If I mention DSR and FOR ratios to a perpetual pessimist, the reaction will be similar to putting worms in their head. Their brains, ossified possibly at birth, can simply not handle information inconsistent with their cherished beliefs that have greater force for them than the 10 Commandments have for evangelicals.

When an investor looks at these long term cycles, the here and now loses its relevance. It does not matter what happens in the stock market over the next ten minutes, or even the next year. These cycles and the forces underlying them last for over a decade and returns need to measured in those time increments rather than minutes, days and months. 


I no longer own FPCPRA, a 7.1% coupon trust preferred originally issued by Florida Progress and now a Duke Energy obligation as a result of two subsequent mergers. I believed that the security would be called by Duke after its finalized its acquisition of Progress Energy. Sold 100 FPCPRA at $25.9 As expected, Duke Energy will redeem this security at its $25 par value plus accrued interest of $.374722 per share.


According to the Labor Department, the U.S. economy added 1.9 million private jobs in 2012, while governments shed 63,000, marking the 4th consecutive yearly decline. In December, employers added 155,000 jobs. The number of unemployed persons stood at 12.2 million. Employment Situation Summary The labor participation rate was 63.6%. The average workweek increased by .1 of an hour. Average hourly earnings rose by 7 cents to $23.72. The U-6 number remained at 14.4%. Table A-15. Alternative measures of labor underutilization

This is a long term chart of average hourly earnings of private production and nonsupervisory employees:

The chart for all private employees would show a higher average hourly wage: Average Hourly Earnings of All Employees: Total Private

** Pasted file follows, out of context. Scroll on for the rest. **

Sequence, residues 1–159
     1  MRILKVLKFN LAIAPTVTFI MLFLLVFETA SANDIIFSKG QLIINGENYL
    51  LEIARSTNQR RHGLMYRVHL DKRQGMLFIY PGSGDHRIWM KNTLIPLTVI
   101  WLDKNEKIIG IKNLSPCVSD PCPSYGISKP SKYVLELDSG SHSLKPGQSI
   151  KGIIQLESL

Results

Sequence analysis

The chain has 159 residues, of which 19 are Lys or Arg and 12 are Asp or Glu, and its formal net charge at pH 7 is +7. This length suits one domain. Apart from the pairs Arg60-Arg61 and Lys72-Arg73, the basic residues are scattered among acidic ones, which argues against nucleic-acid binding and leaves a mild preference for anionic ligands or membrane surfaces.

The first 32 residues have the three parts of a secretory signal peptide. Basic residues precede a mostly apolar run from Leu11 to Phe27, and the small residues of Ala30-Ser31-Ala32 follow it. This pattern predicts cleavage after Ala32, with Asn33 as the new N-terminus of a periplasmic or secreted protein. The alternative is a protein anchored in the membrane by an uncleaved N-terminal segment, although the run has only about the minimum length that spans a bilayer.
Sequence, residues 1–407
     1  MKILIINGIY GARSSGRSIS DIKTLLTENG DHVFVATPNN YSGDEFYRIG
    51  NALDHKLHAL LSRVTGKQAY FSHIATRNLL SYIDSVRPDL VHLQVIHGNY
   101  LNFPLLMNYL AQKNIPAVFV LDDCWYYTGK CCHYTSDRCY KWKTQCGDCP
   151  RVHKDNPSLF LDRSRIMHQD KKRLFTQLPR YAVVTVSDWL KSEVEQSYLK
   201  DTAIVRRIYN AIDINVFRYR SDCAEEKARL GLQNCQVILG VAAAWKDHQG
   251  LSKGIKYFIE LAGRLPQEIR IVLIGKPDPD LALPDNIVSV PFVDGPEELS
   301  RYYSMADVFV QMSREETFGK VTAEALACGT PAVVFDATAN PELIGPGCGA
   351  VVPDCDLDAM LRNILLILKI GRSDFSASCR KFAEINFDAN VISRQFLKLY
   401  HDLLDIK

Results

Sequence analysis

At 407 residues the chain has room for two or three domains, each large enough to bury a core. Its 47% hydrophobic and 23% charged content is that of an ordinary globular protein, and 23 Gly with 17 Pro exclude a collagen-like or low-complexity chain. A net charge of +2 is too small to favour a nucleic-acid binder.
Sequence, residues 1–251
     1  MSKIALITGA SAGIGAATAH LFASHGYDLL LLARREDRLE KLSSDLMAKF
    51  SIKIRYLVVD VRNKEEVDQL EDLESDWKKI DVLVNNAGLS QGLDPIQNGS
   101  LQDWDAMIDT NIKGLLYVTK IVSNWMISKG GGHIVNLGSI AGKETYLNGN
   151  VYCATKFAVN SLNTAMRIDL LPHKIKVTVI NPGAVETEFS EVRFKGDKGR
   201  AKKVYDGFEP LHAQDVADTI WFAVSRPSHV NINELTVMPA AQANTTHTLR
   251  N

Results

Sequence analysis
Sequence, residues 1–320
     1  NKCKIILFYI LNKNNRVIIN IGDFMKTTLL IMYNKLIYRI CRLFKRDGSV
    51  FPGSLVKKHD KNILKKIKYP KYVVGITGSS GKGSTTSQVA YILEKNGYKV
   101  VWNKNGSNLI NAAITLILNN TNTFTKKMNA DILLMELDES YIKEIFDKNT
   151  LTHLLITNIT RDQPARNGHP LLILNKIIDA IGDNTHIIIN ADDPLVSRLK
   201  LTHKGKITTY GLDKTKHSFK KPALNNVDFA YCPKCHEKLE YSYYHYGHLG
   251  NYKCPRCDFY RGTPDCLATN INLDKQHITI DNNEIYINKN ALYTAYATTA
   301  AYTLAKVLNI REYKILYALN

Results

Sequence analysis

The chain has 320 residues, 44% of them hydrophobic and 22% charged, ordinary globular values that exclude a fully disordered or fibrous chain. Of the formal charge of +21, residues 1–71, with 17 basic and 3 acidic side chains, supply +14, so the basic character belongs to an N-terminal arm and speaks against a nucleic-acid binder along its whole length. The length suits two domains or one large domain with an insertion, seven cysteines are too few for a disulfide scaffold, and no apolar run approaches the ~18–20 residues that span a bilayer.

An interesting tidbit from Forbes magazine is that German automakers produced twice as many vehicles in 2010 as their counterparts in the U.S. while being paid twice as much.

Goldman is bullish on China in 2013.

Somewhere in the comments to the blog, I mentioned to a reader that I had sold my position in Nordea Bank. That was an error. I found the shares this morning:


I will not be posting any further comments at SiliconInvestor, nor will I be visiting that site again.


I suppose that Notre Dame learned a thing or two about SEC football last Monday. I am glad that Vandy did not  play Alabama in 2012. In one of the most surprising turnarounds in football history, the Commodores were 9 and 4 in 2012, beating North Carolina State convincingly in the Music City Bowl and winning five games against SEC opponents, smashing Tennessee, and beating Kentucky, Mississippi, Auburn and Missouri. Vandy finished the year ranked at 20 in the USA Coaches poll. I would rank them at 15, and simply recognize that it will take time to garner some respect, particularly when a typical season in the past was 2 and 9 or 3 and 8. The new coach James Franklin probably deserves the Noble Prize for Football, taking the Commodores to two straight bowl games, the first such occurrence in history, in his first two years as head coach.

While Vandy does not play BAMA next year, they do play Texas A & M, Georgia and Florida. Winning one of those would be a miracle.


An article about Nashville's economy appears on the front page of the NYT's today. When looking at Nashville's success, I call it a City State to separate it from Tennessee when analysing its economy.  Sure, the economy is impacted by what is happening elsewhere but the primary drivers are found within the four corners of this City State. There are several growing satellite cities whose economies are closely tied to Nashville's success, but also have their own unique beneficial characteristics. Two of those growing cities are in Williamson County, a short drive from downturn Nashville. One is where HQ is located and is known as Brentwood and the other is Franklin, both cities have "AAA" credit ratings. The two other main satellites are Murfreesboro and Gallatin. In effect, the economy of the Nashville City State encompasses most of Middle Tennessee.

1. Sold 100 of 150 of the Trust Certificate IPB at $26.82 ROTH IRA (see Disclaimer):

2013 ROTH IRA Sold 100 IPB at $26.82

Security Description: IPB is an Exchange Traded Bond in the Trust Certificate form of ownership.